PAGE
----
Source: In testing the Kinect, two dark-skinned GameSpot employees had problems getting the system's facial recognition features to work.
What we heard: Part of Microsoft's $500 million marketing push for Kinect includes positioning it as an accessible entertainment device for all audiences. However, it may be more accessible to some than others.
While testing out the Kinect, two dark-skinned GameSpot employees experienced problems with the system's facial recognition abilities. The system recognized one employee inconsistently, while it was never able to properly identify the other despite repeated calibration attempts. However, Kinect had no problems identifying a third dark-skinned GameSpot employee, recognizing his face after a single calibration. Lighter-skinned employees were also consistently picked up on the first try.
It's important to note that the problems were only experienced with the system's facial recognition feature and don't prevent users from playing Kinect games. Skeletal tracking, a primary means of controlling games with Kinect, appeared to work the same for all GameSpot employees.
The system's inability to recognize a user only means that he or she would need to sign in manually and some games' features may not work properly as a result. For example, when a second player joins in to Kinect Adventures during the title's drop-in, drop-out multiplayer, the system can't bring up that player's proper in-game avatar automatically if it can't identify the new user first.
If Kinect does have some technical issues related to users' pigmentation, it wouldn't be a first for recognition technology. Last holiday season, users of Hewlett-Packard computers with built-in webcams reported problems with a face-tracking feature.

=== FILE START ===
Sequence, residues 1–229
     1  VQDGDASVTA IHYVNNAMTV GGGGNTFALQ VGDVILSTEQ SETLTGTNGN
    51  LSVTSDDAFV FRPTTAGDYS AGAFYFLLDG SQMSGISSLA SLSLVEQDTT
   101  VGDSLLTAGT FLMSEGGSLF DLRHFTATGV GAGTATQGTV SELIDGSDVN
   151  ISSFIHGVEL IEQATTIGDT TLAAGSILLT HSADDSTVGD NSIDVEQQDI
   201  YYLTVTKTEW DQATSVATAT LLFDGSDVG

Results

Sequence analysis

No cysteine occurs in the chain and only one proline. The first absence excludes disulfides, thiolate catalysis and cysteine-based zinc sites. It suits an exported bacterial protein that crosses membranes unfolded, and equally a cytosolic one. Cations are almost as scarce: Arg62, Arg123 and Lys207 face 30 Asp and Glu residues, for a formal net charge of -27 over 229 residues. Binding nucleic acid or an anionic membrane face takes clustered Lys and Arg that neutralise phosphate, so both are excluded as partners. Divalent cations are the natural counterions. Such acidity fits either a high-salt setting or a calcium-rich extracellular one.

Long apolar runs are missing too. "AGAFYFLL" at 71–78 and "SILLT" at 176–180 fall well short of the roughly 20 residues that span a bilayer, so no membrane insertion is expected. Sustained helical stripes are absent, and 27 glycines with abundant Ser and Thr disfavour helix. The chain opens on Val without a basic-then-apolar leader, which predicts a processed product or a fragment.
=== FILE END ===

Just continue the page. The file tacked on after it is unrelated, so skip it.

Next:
HP blamed the problem on the webcam's technology, "standard algorithms that measure the difference in intensity of contrast between the eyes and the upper cheek and nose." It said the system could have problems "seeing" that contrast if there is insufficient foreground lighting.
[UPDATE 11/4] GameSpot continued its testing of Kinect today with more users in different rooms and different clothing. At first, the two employees who originally would not be recognized by the camera were correctly identified on the first try. However, when one changed from a light blue shirt to a black shirt (but stayed in the same room with the same lighting), the camera again failed to recognize him after multiple calibration tests. It also failed to recognize another darker-skinned GameSpot employee after four calibration attempts.
Somehow, those issues may not completely undermine the camera's ability to use facial recognition features. Despite the Xbox 360's insistence that it could not recognize some of the GameSpot employees immediately after calibration, the system was able to recognize them and sign them in properly when they waved at the camera, regardless of their clothing.
The official story: "The goal of Kinect is to break down the barriers for everyone to play, and it will work with people of all shapes and ethnicities at launch."--A Microsoft representative, who added that Kinect owners having calibration or recognition problems can call 1-800-4-MY-XBOX.
[UPDATE 2]: After the additional testing, Microsoft provided further comment, saying, "Kinect works with people of all skin tones. And just like a camera, optimal lighting is best. Anyone experiencing issues with facial recognition should adjust their lighting settings, as instructed in the Kinect Tuner."
Bogus or not bogus: Not bogus that Kinect has problems identifying some users. Abstain on how widespread those problems are, or whether they're due to skin color at all. With the system launching tonight and Microsoft expecting to sell 5 million by year's end, it shouldn't be long before the scope and cause of such problems are identified.Watch the video